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1.  Human HDL containing a novel apoC-I isoform induces smooth muscle cell apoptosis 
Cardiovascular Research  2013;98(1):83-93.
Aims
We discovered that some adults with coronary heart disease (CHD) have a high density lipoprotein (HDL) subclass which induces human aortic smooth muscle cell (ASMC) apoptosis in vitro. The purpose of this investigation was to determine what properties differentiate apoptotic and non-apoptotic HDL subclasses in adults with and without CHD.
Methods and results
Density gradient ultracentrifugation was used to measure the particle density distribution and to isolate two HDL subclass fractions, HDL2 and HDL3, from 21 individuals, including 12 without CHD. The HDL fractions were incubated with ASMCs for 24 h; apoptosis was quantitated relative to C2-ceramide and tumour necrosis factor-alpha (TNF-α). The observed effect of some HDL subclasses on apoptosis was ∼6-fold greater than TNF-α and ∼16-fold greater than the cell medium. We observed that apoptotic HDL was (i) predominately associated with the HDL2 subclass; (ii) almost exclusively found in individuals with a higher apoC-I serum level and a novel, higher molecular weight isoform of apoC-I; and (iii) more common in adults with CHD, the majority of whom had high (>60 mg/dL) HDL-C levels.
Conclusions
Some HDL subclasses enriched in a novel isoform of apoC-I induce extensive ASMC apoptosis in vitro. Individuals with this apoptotic HDL phenotype generally have higher apoC-I and HDL-C levels consistent with an inhibitory effect of apoC-I on cholesteryl ester transfer protein activity. The association of this phenotype with processes that can promote plaque rupture may explain a source of CHD risk not accounted for by the classical risk factors.
doi:10.1093/cvr/cvt014
PMCID: PMC3598419  PMID: 23354389
High density lipoprotein; Atherosclerosis; Smooth muscle cell; Apoptosis; Apolipoprotein C-I
2.  Apolipoproteins A-I, B and C-III in Young Adult Cherokee with The Metabolic Syndrome; with or without Type 2 Diabetes 
BACKGROUND
Since type 2 diabetes (T2D) is a coronary artery disease risk equivalent, it is important to identify difference in risk markers between cases with T2D and the metabolic syndrome (MetS) compared to those with MetS alone. We evaluated apolipoproteins as possible distinguishing markers in the Oklahoma Cherokee.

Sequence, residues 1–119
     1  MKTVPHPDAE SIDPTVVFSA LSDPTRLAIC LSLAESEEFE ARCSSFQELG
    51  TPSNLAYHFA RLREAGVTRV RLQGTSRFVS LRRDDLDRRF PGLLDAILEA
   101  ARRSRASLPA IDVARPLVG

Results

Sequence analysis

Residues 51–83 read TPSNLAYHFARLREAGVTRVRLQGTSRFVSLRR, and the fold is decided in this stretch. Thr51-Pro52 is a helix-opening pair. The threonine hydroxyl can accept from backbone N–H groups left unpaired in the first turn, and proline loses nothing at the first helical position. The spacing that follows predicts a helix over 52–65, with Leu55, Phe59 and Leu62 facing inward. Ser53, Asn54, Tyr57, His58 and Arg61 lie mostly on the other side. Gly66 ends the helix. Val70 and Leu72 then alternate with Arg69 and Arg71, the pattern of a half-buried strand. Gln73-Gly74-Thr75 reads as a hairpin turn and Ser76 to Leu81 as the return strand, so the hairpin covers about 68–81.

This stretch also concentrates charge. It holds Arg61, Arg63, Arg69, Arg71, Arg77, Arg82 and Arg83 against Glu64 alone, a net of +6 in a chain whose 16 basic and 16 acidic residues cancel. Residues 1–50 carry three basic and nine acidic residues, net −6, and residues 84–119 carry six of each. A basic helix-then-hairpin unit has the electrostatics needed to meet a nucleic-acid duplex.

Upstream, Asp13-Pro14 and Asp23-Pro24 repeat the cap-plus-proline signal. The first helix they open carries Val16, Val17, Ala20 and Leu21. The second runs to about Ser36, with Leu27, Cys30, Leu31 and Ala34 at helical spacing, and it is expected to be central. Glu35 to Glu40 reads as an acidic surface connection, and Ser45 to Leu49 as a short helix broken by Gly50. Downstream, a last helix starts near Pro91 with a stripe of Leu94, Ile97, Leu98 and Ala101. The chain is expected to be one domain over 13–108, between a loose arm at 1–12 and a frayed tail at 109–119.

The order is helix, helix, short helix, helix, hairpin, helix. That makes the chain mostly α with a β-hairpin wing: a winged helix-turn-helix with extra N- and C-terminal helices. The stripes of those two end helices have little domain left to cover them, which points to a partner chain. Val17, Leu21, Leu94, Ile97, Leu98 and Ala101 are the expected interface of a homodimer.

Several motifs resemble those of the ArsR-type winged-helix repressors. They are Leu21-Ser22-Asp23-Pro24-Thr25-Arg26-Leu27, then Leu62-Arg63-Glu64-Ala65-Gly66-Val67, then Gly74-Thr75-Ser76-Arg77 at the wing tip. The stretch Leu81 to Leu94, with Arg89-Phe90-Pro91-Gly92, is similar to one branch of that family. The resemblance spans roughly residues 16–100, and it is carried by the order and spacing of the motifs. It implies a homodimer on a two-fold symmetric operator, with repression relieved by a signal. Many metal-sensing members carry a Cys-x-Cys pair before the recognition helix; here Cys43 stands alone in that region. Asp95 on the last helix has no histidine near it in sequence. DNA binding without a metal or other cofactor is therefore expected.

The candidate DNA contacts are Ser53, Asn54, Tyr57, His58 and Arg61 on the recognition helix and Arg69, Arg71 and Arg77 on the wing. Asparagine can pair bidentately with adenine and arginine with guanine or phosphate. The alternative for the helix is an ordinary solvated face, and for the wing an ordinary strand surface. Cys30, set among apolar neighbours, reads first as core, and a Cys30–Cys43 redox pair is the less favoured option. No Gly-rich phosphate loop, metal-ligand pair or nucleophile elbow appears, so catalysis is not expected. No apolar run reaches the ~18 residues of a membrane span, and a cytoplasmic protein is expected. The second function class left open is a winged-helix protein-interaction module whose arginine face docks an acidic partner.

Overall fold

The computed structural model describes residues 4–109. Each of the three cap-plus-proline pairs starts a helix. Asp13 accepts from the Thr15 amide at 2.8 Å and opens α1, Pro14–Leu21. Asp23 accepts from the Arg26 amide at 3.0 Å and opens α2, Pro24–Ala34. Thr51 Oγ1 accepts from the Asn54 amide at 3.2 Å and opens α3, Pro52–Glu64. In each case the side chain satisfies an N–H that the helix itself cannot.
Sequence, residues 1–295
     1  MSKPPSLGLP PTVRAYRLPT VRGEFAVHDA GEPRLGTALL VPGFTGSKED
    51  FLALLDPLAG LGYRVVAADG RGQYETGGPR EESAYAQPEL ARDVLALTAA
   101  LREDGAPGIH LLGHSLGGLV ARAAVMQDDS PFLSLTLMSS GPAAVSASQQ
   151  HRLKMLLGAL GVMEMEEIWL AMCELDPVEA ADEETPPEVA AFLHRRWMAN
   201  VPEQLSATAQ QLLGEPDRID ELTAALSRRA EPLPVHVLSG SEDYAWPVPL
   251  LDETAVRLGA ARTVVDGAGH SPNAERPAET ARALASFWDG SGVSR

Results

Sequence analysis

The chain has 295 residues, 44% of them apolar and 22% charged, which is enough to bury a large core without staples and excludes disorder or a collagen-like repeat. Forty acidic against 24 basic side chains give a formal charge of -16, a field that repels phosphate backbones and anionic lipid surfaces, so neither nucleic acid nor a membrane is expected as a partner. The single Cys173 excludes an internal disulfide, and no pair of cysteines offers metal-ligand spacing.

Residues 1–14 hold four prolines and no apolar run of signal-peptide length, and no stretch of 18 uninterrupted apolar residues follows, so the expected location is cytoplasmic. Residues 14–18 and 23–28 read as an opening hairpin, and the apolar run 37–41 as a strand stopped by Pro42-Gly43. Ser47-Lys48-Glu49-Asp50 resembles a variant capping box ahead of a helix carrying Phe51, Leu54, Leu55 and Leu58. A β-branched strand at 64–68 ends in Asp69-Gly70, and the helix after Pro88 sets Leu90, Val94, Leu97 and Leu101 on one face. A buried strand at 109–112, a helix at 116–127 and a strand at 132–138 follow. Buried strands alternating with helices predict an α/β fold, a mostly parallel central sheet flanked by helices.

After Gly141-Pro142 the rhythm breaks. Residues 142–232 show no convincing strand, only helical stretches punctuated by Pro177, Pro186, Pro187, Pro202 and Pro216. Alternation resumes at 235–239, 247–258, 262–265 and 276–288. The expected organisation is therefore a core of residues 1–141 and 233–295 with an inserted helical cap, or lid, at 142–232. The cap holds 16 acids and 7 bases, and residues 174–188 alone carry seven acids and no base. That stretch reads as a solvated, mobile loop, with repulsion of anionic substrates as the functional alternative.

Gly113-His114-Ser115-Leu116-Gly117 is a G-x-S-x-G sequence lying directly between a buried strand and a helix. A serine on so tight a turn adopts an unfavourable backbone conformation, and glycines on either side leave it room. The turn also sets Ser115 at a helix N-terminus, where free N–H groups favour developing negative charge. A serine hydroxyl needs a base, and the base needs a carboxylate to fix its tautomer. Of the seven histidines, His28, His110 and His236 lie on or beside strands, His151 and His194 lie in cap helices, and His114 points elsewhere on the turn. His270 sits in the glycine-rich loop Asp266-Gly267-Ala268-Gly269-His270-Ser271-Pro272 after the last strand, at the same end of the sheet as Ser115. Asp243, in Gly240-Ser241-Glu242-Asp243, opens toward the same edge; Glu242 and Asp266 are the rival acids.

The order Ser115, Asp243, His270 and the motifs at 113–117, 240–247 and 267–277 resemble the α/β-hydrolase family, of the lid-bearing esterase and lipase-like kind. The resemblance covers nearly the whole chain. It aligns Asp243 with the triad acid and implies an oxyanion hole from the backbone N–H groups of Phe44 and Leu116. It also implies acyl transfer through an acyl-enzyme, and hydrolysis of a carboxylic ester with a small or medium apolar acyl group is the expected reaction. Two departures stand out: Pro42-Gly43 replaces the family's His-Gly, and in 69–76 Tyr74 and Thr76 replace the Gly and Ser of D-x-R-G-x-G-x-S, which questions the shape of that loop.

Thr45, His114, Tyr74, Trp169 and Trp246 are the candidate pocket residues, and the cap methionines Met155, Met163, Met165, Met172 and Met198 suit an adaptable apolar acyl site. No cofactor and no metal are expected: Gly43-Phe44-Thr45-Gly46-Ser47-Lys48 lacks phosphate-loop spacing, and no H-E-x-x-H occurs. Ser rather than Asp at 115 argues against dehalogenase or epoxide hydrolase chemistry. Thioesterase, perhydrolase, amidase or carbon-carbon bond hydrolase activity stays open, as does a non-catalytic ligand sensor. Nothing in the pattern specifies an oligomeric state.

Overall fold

OBJECTIVE
To assess apolipoproteins A-I, B and C-III in young adult Cherokee who have the metabolic syndrome (MetS), as defined by the National Cholesterol Education Program (NCEP), either with or without T2D.
METHODS
A cross-sectional comparison of young adult Oklahoma Cherokee, aged 18 to 40 years, was conducted to assess differences in the apolipoproteins due to the presence or absence of T2D among those with the MetS, after adjusting for age and gender.
RESULTS
ApoA-I (p=0.0222) and HDL-C (p=0.0364) were lower, and apoB (p=0.0106) and the apoB to A-I ratio (p<0.0001) were higher in participants with the MetS and T2D than in those with MetS but without T2D. However, cholesterol, triglyceride, LDL-C, non-HDL-C, total apoC-III, non-HDL apoC-III and the bimodal lipoprotein distribution of apoC-III (apoC-III ratio) were not significantly different between the two groups.
CONCLUSION
ApoA-I and HDL-C are lower and apoB and the apoB:A-I ratio are higher in those with MetS and T2D than in those who have the MetS but without T2D, suggesting that the presence of diabetes adversely influences plasma apoA-I and apoB levels. However, apoC-III and non-HDL apoC-III are unchanged by the addition of diabetes suggesting that the increased levels associated with the metabolic syndrome may precede T2D.
doi:10.1016/j.jacl.2012.06.007
PMCID: PMC3558999  PMID: 23351581
ApoA-I; apoB; apoC-III; diabetes; risk factors
3.  Influence of Peripheral Artery Disease and Statin Therapy on Apolipoprotein Profiles 
Apolipoprotein B is a stronger predictor of myocardial infarction than LDL cholesterol, and it is inversely related to physical activity and modifiable with exercise training. As such, apolipoprotein measures may be of particular relevance for subjects with PAD and claudication. We compared plasma apolipoprotein profiles in 29 subjects with peripheral artery disease (PAD) and intermittent claudication and in 39 control subjects. Furthermore, we compared the plasma apolipoprotein profiles of subjects with PAD either treated (n = 17) or untreated (n = 12) with statin medications. For the apolipoprotein subparticle analyses, subjects with PAD had higher age-adjusted Lp-B:C (P < 0.05) and lower values of Lp-A-I:A-II (P < 0.05) than controls. The PAD group taking statins had lower age-adjusted values for apoB (P < 0.05), Lp-A-II:B:C:D:E (P < 0.05), Lp-B:E + Lp-B:C:E (P < 0.05), Lp-B:C (P < 0.05), and Lp-A-I (P < 0.05) than the untreated PAD group. Subjects with PAD have impaired apolipoprotein profiles than controls, characterized by Lp-B:C and Lp-A-I:A-II. Furthermore, subjects with PAD on statin medications have a more favorable risk profile, particularly noted in multiple apolipoprotein subparticles. The efficacy of statin therapy to improve cardiovascular risk appears more evident in the apolipoprotein sub-particle profile than in the more traditional lipid profile of subjects with PAD and claudication. This trial is registered with ClinicalTrials.gov NCT00618670.